Pie, transformed pastries

We participated in the Love Difference Pastries with the project «Pie, transformed pastries” which was the beginning of a dialogue on the occasion of the pastries in the wider Mediterranean region. Hospitality and sharing are two concepts that emerge through this project and, at the same time, define it. Especially the pastries, that is something more than the actual nutritional need, being this ‘something more’, shapes cultural relations either as dessert or as a treat or as an exchange.

We selected the pie as a transformed pastry, as an object which operates around the concepts of hospitality, exchange, involvement. The pie comes from the rural, livestock-farming areas of Greece. Also it is found in various nomadic tribes associated with the Greek territory (Sarakatsans, Syrrakiotes, Vlachs). For the pie the saying “necessity is the mother of invention» is true, as it is prepared by primary materials: oil, flour, cheese, butter, eggs, herbs, honey (for sweet pies), fruit, nuts etc. In later years filo pastry is added in the recipe (very thin dough) whose secrets were “dowry” from mother to daughter. Depending on the region, season, and the particular occasions (celebrations, weddings etc) the pie is transformed into savory or sweet, baked in the oven or fried constituting the main food in the poor environment of Greece.

The need for the nomads to move, made the preparation of complex foods difficult so the pie was a perfect nutritional solution. Nomads like Sarakatsans made a sweet pie from a mixture of flour, butter, honey (in later years sugar) and sometimes from fruit, which they fried. Sweet pies were customary to make at celebrations such as at the beginning of the summer solstice and the feast of St. George.

The pie is directly related to various villages’ customs of continental and insular Greece. Also for the pie there are many popular proverbs. “Fanouropita” is made on the day of St. Phanourios to reveal lost things. The Vasilopita (New Year’s pie) is the pie prepared on New Year ’s Eve and is cut (shared) exactly at midnight. A key characteristic of vasilopita is that a golden coin, (Constantinato) or silver or simple, is put inside it.

Ancient Greeks served as a dessert sweet and savory pies made from honey, cheese and oil. A particularly renowned food was mytlotos, a pie with cheese mixed with honey and garlic.

An interesting feature is also its shape which is formed depending on the circumstances and the motifs that sometimes decorate its surface.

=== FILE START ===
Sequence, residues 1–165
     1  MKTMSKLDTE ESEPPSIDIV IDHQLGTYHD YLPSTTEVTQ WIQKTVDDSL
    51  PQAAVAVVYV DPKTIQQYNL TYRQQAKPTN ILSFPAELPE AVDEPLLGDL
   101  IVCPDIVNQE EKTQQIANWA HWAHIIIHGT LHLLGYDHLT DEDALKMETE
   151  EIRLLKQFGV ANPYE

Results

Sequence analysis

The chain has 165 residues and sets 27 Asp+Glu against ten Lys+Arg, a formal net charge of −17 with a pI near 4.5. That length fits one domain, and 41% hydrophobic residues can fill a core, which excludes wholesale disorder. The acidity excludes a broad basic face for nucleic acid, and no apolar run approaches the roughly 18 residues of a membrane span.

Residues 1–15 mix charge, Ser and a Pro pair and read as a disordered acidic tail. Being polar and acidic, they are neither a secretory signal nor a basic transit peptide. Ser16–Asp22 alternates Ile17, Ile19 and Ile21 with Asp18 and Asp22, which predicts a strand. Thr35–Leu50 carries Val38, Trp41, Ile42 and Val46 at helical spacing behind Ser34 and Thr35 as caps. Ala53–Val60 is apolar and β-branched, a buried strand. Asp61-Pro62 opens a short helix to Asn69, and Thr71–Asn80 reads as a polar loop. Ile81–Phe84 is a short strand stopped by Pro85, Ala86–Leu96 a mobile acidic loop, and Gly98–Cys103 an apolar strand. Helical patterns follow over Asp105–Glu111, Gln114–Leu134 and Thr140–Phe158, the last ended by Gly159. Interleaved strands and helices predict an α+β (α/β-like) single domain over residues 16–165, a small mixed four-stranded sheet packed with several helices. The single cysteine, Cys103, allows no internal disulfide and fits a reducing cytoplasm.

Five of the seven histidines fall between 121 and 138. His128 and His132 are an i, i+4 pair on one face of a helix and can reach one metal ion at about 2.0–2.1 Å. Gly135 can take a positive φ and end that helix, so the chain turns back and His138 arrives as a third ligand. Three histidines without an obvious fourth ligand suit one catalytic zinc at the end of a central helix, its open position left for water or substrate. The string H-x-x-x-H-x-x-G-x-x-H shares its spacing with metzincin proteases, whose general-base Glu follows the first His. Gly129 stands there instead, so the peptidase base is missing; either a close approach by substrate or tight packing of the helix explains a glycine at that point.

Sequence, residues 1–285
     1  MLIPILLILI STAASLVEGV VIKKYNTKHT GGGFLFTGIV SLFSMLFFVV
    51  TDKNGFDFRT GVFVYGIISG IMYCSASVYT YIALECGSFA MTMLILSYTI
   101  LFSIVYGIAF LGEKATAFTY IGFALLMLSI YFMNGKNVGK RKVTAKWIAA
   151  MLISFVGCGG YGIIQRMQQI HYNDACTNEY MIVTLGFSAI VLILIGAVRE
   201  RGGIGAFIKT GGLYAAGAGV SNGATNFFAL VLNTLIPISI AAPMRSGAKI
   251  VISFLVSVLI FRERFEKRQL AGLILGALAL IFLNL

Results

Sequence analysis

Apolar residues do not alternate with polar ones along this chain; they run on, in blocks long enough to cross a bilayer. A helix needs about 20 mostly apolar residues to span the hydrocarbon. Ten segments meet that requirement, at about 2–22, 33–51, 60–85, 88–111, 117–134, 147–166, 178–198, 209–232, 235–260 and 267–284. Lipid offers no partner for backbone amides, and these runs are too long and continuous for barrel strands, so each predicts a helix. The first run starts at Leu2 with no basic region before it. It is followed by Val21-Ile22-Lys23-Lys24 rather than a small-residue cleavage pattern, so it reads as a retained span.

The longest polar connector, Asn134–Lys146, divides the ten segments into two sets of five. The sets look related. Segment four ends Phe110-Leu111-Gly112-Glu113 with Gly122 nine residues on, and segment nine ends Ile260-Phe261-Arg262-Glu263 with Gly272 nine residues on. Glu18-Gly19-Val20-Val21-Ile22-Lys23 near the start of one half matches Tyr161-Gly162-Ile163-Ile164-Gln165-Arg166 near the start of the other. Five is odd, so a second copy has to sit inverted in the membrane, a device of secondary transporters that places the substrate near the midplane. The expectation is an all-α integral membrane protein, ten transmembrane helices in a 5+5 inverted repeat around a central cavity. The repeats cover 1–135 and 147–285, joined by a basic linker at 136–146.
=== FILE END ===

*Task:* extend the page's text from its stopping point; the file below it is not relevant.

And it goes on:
In our suggestion we had as a basis a sweet pie with ingredients mentioned in recipes of ancient Greece and the Greek tradition such as the honey-pie from Sifnos island, a sweet prepared in celebrations such as Easter.

We suggested preparing the dessert in abstract votive sculptures made from paper inspired by symbols of ancient deities of hospitality.

In ancient Greece hospitality is an important element of social life and is considered sacred. Zeus, the leader of the Olympian gods, is referred as the patron of hospitality (Xenios Zeus), Artemis goddess of diversity and Hermes protector of strangers, travelers and hospitality. Myths like that of Filimonas and Vafkidas and the one of Agrius and Oreius show that hospitality is rewarded and non-compliance with it is severely punished.

Recipe (for 6-8 people)

4 eggs – 50 g. of fine sugar – 1 tablespoon of all-purpose flour – 500 g of fresh myzithra cheese or ricotta cheese – 60 ml of thyme honey – 70gr of Corinth raisins – 70gr of grated nuts – 1/2 teaspoon of crushed cinnamon.


Preheat the oven at 180 Celsius. Put a baking pan in the oven to warm it up. Beat the eggs in a bowl, add the sugar, flour and beat until a smooth mixture is created. Add the cheese, honey, nuts, raisins and half the amount of the cinnamon and mix well. Pour the mixture into the mould and smooth the surface with a knife. Put the mould on the preheated baking pan and bake the pie for 50-60 minutes, until it gets golden. Remove it from the oven and sprinkle, while still warm, with the rest of cinnamon.

Construction of shapes/moulds

For the shape of the dessert we suggest votive abstract sculptures which are based on ancient deities of hospitality and diversity and made out of paper. The pie is placed inside them and receives a similar shape.

Distribution-exchange procedure

With this action our goal is to get in touch with communities enabling the sweet to transform and change through their recipes and suggestions, eventually expanding the concepts of hospitality and exchange.